The attributes in the iris dataset are all in the same units and generally the same scale, so normalization and standardization are not really necessary. Nevertheless, the example below demonstrates tuning the size and k parameters of LVQ while normalizing the dataset with preProcess=”scale”.

The final values used for the model were size = 8 and k = 6.

Parallel Processing

The caret package supports parallel processing in order to decrease the compute time for a given experiment. It is supported automatically as long as it is configured. In this example we load the doMC package and set the number of cores to 4, making available 4 worker threads to caret when tuning the model. This is used for the loops for the repeats of cross validation for each parameter combination.

The results are the same as the first example, only completed faster.

Visualization of Performance

It can be useful to graph the performance of different algorithm parameter combinations to look for trends and the sensitivity of the model. Caret supports graphing the model directly which will compare the accuracy of different algorithm combinations.

In the recipe below, a larger manual grid of algorithm parameters are defined and the results are graphed. The graph shows the size on the x axis and model accuracy on the y axis. Two lines are drawn, one for each k value. The graph shows the general trends in the increase in performance with size and that the larger value of k is probably preferred.

The final values used for the model were size = 35 and k = 5.

Grid Search using the Caret R Package

Grid Search using the Caret R Package
Shows size and k versus model accuracy for LVQ

Summary

In this post you have discovered the support in the caret R package for tuning algorithm parameters by using a grid search.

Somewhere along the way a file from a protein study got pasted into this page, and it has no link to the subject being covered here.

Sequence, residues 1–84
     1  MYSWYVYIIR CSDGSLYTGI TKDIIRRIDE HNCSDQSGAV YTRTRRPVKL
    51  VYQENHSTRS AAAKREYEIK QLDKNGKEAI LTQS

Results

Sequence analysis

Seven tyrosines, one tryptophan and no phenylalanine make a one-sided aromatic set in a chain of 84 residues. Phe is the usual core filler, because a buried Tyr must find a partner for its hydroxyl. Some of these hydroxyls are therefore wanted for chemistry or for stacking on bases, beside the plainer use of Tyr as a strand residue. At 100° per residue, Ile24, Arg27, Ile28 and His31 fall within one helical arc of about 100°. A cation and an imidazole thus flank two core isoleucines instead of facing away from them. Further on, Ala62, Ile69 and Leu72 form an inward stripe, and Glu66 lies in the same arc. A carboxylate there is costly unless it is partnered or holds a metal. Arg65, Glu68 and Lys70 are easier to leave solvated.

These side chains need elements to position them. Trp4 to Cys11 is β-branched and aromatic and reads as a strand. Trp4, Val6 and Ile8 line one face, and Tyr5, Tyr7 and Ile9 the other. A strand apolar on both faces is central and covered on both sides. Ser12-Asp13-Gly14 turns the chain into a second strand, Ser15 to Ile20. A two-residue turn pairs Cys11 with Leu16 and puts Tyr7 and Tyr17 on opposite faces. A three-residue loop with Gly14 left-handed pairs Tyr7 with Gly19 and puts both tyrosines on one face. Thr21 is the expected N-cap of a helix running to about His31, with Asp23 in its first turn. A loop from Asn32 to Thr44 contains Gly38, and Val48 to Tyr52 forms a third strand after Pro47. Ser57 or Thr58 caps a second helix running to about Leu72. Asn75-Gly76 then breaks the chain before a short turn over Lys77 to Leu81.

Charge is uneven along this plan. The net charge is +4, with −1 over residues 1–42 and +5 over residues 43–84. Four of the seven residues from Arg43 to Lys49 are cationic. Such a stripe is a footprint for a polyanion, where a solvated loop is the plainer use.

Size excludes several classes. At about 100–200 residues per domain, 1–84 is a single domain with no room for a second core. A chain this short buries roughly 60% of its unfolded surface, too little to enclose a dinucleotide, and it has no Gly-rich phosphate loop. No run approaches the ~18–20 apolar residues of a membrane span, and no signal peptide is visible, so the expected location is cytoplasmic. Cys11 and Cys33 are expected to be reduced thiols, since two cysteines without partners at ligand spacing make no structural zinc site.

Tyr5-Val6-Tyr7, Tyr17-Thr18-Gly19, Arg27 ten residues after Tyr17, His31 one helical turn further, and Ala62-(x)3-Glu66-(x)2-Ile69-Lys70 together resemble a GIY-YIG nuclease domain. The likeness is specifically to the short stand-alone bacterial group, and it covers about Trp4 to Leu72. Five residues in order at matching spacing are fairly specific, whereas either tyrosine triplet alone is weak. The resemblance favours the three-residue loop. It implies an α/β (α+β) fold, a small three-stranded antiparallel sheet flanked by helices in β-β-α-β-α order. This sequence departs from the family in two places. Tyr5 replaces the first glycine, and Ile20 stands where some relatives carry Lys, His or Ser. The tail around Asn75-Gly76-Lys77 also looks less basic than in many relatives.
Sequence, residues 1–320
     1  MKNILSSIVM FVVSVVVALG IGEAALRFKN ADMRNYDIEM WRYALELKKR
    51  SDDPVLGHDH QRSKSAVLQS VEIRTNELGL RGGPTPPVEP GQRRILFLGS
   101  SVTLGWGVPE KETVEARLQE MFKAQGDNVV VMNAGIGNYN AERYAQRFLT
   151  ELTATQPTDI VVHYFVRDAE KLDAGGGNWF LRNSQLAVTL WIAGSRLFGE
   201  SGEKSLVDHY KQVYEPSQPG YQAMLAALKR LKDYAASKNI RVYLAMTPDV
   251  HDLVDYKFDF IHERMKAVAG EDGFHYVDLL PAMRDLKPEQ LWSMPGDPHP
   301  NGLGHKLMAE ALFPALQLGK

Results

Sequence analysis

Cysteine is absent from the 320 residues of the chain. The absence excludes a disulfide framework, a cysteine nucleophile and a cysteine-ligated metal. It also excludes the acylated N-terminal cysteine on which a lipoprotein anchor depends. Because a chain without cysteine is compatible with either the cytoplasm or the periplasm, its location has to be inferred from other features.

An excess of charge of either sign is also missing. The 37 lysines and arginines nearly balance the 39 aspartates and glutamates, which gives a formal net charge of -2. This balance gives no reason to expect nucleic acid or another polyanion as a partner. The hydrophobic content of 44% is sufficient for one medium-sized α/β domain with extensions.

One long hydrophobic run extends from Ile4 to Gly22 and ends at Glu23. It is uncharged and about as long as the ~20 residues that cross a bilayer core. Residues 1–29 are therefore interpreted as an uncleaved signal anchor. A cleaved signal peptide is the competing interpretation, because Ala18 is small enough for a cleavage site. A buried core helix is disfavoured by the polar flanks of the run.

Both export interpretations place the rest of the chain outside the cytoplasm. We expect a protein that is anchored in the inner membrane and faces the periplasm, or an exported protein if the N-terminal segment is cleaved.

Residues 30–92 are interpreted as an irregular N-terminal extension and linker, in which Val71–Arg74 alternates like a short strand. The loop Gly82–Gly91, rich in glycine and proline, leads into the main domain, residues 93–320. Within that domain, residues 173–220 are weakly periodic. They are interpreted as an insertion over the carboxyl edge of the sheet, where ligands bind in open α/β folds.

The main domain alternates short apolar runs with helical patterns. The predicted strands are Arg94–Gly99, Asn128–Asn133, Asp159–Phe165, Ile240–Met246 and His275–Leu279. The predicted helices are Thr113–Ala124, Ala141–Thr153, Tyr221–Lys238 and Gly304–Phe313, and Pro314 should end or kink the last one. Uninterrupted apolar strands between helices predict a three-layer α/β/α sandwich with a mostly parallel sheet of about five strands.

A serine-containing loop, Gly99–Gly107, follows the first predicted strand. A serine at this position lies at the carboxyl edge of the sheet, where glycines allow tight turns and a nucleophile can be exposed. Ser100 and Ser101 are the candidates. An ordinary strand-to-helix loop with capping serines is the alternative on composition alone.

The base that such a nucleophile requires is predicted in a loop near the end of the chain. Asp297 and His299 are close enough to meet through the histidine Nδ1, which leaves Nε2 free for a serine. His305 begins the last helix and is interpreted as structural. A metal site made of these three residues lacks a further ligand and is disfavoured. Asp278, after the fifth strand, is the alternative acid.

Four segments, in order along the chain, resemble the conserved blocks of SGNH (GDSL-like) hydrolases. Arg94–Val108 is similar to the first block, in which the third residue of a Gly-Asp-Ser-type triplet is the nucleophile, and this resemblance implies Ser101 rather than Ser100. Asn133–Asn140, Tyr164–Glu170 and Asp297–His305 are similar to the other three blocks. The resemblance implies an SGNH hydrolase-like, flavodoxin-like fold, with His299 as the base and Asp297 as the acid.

You have seen 5 recipes using the caret R package for tuning the size and k parameters for the LVQ algorithm.

Each recipe in this post is standalone and ready for you to copy-and-paste into your own project and adapt to your problem.


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26 Responses to Tuning Machine Learning Models Using the Caret R Package

  1. Nauris January 10, 2015 at 10:17 pm #

    Thanks for great article! Can you give an example for parallel processing in Windows using Caret package, because doMC package is available only for Unix?

    • randel August 23, 2015 at 12:53 pm #

      doParallel

  2. Payam Bahreyni May 12, 2016 at 3:30 am #

    Thanks, Jason. A great summary of what’s available and how to use them.

  3. Hans May 7, 2017 at 5:20 pm #

    Is this applicable to regression problems?

    • Jason Brownlee May 8, 2017 at 7:42 am #

      Yes, it could be.

      • M Sanwar Hossain November 4, 2017 at 12:11 pm #

        If my response variable is not categorical then what will be the method? Here you use Learning vector quantization method. model <- train(Species~., data=iris, method="lvq", trControl=control, tuneLength=5)??

  4. Hans May 8, 2017 at 1:28 am #

    Is there also a dedicated multi core setting for the python stack widely used in the other tutorials on this site?
    I can’t use CUDA.

    • Jason Brownlee May 8, 2017 at 7:44 am #

      Yes, I believe the n_jobs argument to most sklearn functions.

  5. mark November 16, 2017 at 7:34 pm #

    what does the codebook size or the size parameter refer to ?

    • Jason Brownlee November 17, 2017 at 9:24 am #

      Codebooks refers to the learning capacity of the model.

  6. Harish Nagpal January 6, 2018 at 12:43 pm #